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A large area of The Netherlands is below sea level. There are two non-anthropogenic reasons that I can think of:

  1. Compaction of delta sediments that lie below the country,
  2. A side effect of the isostatic rebound after the deglaciation of Scandinavia.

Are there any other reasons? What are the relative proportions in magnitude of these factors?

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    $\begingroup$ Some parts are below sea level because we've created them as such, e.g. the Flevopolder was created in the 50s and 60s and has an average altitude of -4 meters $\endgroup$ – THelper Dec 17 '14 at 10:35
  • $\begingroup$ @THelper I edited my question to clarify that I am interested in non-anthropogenic reasons. $\endgroup$ – Gimelist Dec 17 '14 at 14:10
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    $\begingroup$ That's too bad, because I'm almost finished with my answer in which I say that that may well be the biggest cause. Oh well, I'll post it anyway. $\endgroup$ – THelper Dec 17 '14 at 14:12
  • $\begingroup$ Then the question you're really asking is "Why was that part below sea level before" to which the answer is "because it used to be part of the sea". $\endgroup$ – user1352 Dec 18 '14 at 11:12
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Forming of coastline

During the last ice age, the North Sea was dry. When the ice melted sea levels slowly started to rise again and due to tides and currents a barrier of dunes was formed along what approximately is today's coast line. This created an area of land that fell dry during ebb-tide and flooded during high tide (this can still be seen in the 'Waddenzee' in the North of the Netherlands where you can walk to some of the islands during low tide). The big rivers that flow through the Netherlands brought in more sand, slowly keeping larger parts of the land dry.

Isostatic rebound

During the ice age, the surface of Scandinavia was pushed down. After the ice melted it started to rise again and pushed the Western and Northern part of Netherlands down. Strangely enough the Southern and Eastern parts of the Netherlands are rising, so it seems the Netherlands is tilting. I'm not sure how large the isostatic effect has been, but we know that the North of the Netherlands is still going down with about 2cm per century (source in Dutch).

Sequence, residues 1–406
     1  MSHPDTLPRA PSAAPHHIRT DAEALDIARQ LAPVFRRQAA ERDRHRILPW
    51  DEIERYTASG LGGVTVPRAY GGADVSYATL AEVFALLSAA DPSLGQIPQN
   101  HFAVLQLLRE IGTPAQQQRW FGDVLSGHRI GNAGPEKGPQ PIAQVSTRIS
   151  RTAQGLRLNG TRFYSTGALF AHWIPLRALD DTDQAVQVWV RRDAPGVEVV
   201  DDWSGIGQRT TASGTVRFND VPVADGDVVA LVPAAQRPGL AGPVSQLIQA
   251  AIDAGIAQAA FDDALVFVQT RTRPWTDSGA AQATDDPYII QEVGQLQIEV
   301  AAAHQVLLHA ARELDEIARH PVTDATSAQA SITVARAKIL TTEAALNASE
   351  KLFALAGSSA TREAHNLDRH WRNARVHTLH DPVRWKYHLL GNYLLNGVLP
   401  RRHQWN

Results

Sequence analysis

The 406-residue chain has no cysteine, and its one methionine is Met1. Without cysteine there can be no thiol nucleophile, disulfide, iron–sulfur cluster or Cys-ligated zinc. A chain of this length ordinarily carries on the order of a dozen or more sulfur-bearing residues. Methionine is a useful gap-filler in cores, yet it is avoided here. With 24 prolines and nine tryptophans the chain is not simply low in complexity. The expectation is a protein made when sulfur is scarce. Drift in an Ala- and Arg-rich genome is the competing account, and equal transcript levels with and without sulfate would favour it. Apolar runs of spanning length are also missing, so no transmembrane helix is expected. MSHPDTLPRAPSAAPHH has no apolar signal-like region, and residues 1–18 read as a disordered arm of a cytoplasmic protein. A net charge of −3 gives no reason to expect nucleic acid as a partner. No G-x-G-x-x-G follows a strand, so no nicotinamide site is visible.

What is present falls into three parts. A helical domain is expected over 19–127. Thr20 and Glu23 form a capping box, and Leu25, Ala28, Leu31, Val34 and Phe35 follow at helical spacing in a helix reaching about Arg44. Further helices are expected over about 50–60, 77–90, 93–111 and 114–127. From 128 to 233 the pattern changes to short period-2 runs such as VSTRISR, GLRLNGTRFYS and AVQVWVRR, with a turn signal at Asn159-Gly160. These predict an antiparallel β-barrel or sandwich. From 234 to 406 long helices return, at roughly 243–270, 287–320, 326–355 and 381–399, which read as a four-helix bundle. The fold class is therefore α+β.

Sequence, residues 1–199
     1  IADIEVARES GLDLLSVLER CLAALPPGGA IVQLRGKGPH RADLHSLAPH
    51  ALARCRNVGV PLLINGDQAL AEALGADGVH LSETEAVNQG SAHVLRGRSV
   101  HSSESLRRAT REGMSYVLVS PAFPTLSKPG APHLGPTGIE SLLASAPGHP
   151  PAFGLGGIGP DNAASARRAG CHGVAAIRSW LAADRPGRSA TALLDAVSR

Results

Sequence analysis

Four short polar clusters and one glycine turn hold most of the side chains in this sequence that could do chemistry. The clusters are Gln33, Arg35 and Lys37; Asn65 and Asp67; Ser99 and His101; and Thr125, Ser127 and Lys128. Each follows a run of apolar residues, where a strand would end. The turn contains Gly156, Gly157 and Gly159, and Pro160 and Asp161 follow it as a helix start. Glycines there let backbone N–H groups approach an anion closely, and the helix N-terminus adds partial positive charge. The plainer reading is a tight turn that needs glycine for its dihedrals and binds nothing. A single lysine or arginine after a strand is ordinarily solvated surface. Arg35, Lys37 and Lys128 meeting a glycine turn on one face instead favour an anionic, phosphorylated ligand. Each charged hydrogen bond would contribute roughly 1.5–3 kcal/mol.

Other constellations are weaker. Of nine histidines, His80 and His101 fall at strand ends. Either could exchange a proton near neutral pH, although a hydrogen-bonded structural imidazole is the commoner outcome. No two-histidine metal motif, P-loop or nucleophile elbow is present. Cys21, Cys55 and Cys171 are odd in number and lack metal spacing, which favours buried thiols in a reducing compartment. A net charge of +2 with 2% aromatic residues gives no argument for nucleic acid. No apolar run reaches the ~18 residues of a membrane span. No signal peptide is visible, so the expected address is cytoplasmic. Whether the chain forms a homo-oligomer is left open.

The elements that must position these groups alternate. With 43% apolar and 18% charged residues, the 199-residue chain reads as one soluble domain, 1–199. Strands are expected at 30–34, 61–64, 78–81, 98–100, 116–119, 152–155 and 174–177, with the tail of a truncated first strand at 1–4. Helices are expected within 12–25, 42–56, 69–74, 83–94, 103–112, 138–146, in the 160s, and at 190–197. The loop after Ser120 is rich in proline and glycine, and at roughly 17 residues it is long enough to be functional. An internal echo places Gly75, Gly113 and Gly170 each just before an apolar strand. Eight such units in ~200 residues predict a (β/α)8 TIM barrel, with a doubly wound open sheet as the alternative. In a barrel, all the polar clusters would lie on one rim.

Human influence

I know you've asked for non-anthropogenic causes, but I'm going to include this anyway because it seems human influence has had a much bigger effect on elevation than the isostatic rebound.

In the 11th century the Dutch started to actively shape the land by building dikes and later also by using wind mills to pump out water. The Flevopolder is an example of a large part of land that has been created by the Dutch in the 1950s and 60s. When groundwater levels became lower the moors settled and started oxidizing. Researchers think that the settling and oxidation of moors today is responsible for up to 15mm decline per year (source in Dutch).

Additionally in the 16th and 17th century a lot of peat was removed from the moors and used as fuel. Peat removal created new lakes, but some of those lakes were pumped dry later and were used as farmland. Also, the weight of dikes and houses on moors still cause subsidence today in areas in the West.

In the Northeastern part of the Netherlands gas extraction has also caused local elevation drops of up to 30cm (source in Dutch) in the last 40 years.

Other sources (all in Dutch):

http://www.geologievannederland.nl/landschap/landschapsvormen/strandwal (forming of shoreline) http://nl.wikipedia.org/wiki/Veenpolder_(poldertype) (Dutch moors)

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    $\begingroup$ Good answer (+1) answers the non-anthropogenic sources question well, and includes the anthropgenic as a bonus! $\endgroup$ – user889 Dec 17 '14 at 14:23

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